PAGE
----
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UBC Theses and Dissertations

Bioprocessing of nacreous coatings on orthopedic implant materials Kwan, Millie

Abstract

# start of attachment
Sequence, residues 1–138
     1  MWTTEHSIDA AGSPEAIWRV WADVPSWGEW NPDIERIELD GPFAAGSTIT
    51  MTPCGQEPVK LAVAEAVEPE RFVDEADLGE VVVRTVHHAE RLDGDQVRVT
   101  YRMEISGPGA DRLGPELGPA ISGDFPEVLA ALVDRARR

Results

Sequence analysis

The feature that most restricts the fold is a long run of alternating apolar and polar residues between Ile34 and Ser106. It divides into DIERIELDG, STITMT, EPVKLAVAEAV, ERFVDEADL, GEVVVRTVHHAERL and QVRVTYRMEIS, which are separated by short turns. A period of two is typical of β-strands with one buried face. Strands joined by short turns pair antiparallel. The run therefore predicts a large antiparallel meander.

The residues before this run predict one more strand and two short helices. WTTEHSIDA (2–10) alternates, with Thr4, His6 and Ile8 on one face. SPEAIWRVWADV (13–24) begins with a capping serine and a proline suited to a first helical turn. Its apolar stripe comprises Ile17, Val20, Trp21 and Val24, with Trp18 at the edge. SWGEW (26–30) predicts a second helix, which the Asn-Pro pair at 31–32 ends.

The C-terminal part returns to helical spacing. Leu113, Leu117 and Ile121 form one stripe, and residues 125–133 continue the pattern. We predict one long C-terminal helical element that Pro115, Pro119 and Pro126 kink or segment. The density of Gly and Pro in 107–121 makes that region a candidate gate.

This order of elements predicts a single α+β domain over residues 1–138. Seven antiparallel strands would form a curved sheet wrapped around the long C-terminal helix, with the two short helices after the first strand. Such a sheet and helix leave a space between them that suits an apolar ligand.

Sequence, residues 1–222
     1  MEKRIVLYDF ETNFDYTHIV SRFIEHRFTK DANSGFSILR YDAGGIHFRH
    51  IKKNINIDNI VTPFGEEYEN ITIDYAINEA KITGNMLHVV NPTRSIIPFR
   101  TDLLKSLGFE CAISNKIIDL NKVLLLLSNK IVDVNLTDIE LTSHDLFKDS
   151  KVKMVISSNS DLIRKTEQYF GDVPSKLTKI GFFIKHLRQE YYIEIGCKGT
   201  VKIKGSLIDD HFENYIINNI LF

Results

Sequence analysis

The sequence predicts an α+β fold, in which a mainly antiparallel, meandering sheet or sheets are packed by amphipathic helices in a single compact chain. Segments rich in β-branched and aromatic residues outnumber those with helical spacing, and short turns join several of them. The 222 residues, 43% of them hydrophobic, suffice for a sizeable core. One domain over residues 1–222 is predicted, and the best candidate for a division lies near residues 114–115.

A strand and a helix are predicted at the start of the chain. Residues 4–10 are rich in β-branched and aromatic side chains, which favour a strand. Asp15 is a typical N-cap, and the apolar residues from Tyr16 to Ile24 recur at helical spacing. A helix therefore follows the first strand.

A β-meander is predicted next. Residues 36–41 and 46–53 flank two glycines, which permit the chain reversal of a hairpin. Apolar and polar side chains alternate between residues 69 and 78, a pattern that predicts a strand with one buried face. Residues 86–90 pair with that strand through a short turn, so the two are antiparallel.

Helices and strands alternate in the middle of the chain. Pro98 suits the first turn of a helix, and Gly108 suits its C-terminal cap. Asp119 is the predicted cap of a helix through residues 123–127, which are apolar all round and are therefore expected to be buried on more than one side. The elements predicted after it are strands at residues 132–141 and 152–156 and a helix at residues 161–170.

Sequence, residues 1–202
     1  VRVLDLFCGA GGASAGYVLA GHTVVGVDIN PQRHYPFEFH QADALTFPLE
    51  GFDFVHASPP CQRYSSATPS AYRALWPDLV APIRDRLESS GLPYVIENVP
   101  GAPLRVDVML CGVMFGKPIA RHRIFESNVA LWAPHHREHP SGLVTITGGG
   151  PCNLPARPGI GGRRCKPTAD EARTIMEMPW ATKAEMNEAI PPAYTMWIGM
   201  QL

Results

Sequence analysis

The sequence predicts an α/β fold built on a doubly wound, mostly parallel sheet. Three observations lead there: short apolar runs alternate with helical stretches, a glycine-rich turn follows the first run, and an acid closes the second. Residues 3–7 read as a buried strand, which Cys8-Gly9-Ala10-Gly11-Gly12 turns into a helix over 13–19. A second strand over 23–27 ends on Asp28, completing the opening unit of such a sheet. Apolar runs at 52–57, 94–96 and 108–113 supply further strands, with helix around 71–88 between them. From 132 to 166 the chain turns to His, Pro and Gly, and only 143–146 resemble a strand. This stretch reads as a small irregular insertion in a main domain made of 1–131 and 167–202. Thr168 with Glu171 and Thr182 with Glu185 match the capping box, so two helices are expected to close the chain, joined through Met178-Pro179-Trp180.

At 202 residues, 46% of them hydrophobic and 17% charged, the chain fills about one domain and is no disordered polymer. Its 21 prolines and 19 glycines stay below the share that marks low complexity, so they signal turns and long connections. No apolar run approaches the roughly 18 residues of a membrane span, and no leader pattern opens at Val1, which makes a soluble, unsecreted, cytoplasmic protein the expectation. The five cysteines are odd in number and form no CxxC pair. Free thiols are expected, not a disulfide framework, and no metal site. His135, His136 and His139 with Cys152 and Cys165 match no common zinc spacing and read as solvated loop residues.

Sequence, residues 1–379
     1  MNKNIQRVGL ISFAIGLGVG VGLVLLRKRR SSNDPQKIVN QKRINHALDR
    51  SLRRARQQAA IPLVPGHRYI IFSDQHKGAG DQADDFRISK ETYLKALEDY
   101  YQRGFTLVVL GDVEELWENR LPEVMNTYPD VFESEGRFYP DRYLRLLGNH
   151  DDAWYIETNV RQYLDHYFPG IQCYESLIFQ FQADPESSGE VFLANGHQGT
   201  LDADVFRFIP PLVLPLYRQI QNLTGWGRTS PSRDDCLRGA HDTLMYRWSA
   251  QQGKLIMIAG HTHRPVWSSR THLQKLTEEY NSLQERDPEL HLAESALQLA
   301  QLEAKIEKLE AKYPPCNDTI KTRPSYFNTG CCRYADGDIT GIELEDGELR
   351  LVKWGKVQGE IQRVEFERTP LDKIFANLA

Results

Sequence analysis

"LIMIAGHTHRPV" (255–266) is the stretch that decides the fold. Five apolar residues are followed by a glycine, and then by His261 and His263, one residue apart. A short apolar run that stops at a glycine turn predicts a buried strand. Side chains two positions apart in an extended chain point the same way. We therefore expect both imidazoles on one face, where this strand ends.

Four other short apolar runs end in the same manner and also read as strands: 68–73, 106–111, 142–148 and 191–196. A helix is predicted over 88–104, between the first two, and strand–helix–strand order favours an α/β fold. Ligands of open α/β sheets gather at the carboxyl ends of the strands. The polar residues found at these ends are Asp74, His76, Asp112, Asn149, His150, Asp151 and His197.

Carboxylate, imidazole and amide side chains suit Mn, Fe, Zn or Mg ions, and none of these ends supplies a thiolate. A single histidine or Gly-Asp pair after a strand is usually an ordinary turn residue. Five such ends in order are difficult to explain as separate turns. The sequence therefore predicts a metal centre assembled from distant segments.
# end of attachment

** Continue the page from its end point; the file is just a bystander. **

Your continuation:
Nacre from mollusc shells has a complex hierarchical structure composed of an organic-inorganic composite, and exhibits remarkable mechanical properties. In addition, nacre is biocompatible and bioactive making it an excellent candidate for biological coatings for orthopaedic applications. The bioprocessing of nacreous coatings on conventional orthopedic materials via biomineralization of abalone shells was examined in this thesis. The animal reaction to the materials was evaluated by the coating surface morphology, thickness and coating-implant interface, which were characterized using SEM, EDS, XRD and Raman spectroscopy. In the first test, poly(methyl methacrylate) (PMMA), high density polyethylene (HDPE), and titanium (Ti) substrates were implanted separately on the growth surface of abalone shells to examine the effect of different materials on mineral growth. The abalones were under restricted diet. PMMA and HDPE implants resulted in thicker coatings and were able to achieve the desired nacre structure (thickness of 38.1 ± 28.8 μm and 38.7 ± 22.2 μm, respectively). The titanium implants showed thin and sparse coating and were not able to achieve nacre (thickness of 5.3 ± 3.4μm). In the second test, the effect of Ti surface modification (micro-porous, nano-porous and smooth surface) was examined. The substrates were implant together on one location of the shell and were under normal feeding conditions. Thick nacreous coatings, 50 to 280 µm, were formed on the Ti surfaces. There was no apparent trend between the type of Ti surface and the coating formed; however, it appeared that coatings on the implants were similar within the same animal. Thus, this indicates that feeding conditions and location of implantation may play a role in coating mineralization. In addition, two new unique features were found in the implants that have not been reported in literature before: vaterite and alternating bands of nacre towers and aragonite grains across the coating surface. The findings in this thesis therefore suggest that nacreous coatings can be processed on both polymeric and metallic implant materials as long as proper abalone culturing conditions are maintained. The biofabrication techniques developed in this project can be applied to the development of new classes of surface coatings for biomedical implants.

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